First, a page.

The Generation Game is author Sophie Duffy’s debut novel and follows the extraordinary life of forty-year-old Phillipa, from when she was a young girl growing up in Devon, right up to the present day where she has just become a mother.
We follow Phillipa through an extraordinary mixture of experiences as she grows up above a sweet shop in Torquay – abandonment by her mother, forming childhood friendships, a traumatic death, unplanned pregnancy and trying to figure out her place in the world.
Reading ‘The Generation Game’ is like stepping back in time. Sophie creates some extremely memorable characters in Phillipa and Helena – and in all the people who influence and surround her throughout her life. The small details of the various decades the characters move through are brilliantly observed – if you were born around the late sixties, early seventies, this will almost feel like you are reading your own diary – the events, trends, celebrities and popular TV programmes of the time come leaping off the pages and stir up long-forgotten memories.
This is an immensely readable book, which hooks you in right from the start. The juxtaposition of the story of Phillipa growing up as a child and her present day thoughts and concerns from hospital as a new, single mother, is an interesting perspective – and of course we want to know what was in the Blue Peter time capsule that┬áher close friend creates before his untimely death.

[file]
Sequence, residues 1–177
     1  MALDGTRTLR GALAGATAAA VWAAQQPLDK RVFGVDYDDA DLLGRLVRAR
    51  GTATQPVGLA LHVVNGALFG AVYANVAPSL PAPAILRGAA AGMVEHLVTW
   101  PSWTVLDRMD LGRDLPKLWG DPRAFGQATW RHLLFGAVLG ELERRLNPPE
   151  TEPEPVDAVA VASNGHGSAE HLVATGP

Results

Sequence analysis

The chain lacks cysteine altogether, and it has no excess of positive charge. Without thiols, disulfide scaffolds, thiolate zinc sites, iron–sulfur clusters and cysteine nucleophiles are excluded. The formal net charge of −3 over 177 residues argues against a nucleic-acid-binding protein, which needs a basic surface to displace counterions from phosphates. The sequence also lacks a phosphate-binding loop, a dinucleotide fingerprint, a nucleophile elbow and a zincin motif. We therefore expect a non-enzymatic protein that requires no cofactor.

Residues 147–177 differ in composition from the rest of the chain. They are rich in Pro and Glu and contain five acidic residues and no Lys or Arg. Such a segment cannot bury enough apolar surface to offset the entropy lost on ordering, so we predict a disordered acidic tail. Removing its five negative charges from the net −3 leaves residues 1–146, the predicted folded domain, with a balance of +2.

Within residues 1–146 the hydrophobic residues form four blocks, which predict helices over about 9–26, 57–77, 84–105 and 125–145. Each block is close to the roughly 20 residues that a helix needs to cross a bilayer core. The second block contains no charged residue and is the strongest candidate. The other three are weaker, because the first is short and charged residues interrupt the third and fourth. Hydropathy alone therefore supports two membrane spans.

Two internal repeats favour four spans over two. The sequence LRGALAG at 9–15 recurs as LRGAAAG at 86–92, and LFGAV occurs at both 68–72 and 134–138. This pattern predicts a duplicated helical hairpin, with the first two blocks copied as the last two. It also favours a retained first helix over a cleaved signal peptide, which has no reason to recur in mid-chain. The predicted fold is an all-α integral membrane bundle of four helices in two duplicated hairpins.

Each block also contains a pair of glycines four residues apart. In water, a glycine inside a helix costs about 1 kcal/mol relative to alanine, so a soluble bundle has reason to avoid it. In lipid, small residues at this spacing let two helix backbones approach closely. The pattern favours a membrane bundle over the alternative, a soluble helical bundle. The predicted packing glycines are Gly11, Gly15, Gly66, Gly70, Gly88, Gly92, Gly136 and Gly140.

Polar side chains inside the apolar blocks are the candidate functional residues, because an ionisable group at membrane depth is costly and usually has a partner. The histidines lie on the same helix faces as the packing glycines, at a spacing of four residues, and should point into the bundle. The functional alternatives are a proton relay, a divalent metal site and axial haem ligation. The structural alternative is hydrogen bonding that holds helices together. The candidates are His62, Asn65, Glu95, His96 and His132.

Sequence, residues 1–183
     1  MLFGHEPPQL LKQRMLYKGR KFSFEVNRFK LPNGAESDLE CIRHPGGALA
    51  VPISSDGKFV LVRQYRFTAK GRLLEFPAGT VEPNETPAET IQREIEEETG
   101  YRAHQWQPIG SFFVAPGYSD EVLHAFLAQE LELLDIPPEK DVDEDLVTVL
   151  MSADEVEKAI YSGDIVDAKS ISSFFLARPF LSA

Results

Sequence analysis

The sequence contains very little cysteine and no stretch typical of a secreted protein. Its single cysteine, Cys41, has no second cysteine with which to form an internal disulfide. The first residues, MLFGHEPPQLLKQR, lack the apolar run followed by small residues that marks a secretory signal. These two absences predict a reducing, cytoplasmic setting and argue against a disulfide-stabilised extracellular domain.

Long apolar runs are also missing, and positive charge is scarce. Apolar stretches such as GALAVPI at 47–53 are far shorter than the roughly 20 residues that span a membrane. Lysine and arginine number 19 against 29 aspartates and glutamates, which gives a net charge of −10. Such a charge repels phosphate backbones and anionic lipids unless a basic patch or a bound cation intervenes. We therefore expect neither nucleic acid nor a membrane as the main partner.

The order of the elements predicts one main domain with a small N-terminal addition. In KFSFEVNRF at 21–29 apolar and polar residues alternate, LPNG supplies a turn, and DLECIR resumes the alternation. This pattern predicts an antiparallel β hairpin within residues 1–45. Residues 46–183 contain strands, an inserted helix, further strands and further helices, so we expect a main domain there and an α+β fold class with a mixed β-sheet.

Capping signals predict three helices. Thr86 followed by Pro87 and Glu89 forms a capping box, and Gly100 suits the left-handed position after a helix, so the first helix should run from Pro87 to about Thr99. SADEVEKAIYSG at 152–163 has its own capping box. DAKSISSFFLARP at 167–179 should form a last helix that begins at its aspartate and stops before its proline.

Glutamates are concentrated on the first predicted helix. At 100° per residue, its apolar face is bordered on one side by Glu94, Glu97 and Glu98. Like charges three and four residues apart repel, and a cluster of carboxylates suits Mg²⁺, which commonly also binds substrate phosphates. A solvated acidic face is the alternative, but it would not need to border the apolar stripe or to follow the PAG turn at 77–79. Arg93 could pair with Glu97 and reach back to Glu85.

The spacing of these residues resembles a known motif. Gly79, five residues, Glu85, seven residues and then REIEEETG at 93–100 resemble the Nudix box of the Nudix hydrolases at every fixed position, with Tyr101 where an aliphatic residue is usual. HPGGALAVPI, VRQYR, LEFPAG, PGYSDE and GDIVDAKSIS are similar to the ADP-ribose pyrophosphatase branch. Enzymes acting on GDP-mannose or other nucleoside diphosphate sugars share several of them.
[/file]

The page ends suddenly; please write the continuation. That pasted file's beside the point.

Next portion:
Spanning such a lengthy time-period and involving so many characters, the author manages to successfully pace the story so you never feel overwhelmed or lost. She also manages to bring the plot neatly together at the end of the novel, without saccharine-coating everything and everyone.
This is a brave, bold, warm, rich, amusing, engaging novel which sits well alongside more established authors like Kate Atkinson’s ‘Behind the Scenes at the Museum’.
I am sure we will see much more from Sophie Duffy in years to come.
About the author
Sophie is a novelist and short story writer living on the south coast of Devon with her family. She was awarded the┬áThe Yeovil Literary Prize in 2006 for The Generation Game as a work-in-progress – which was judged by award-winning novelist Katie Fforde. Sophie went on to win the Luke Bitmead Bursary for the novel earlier this year.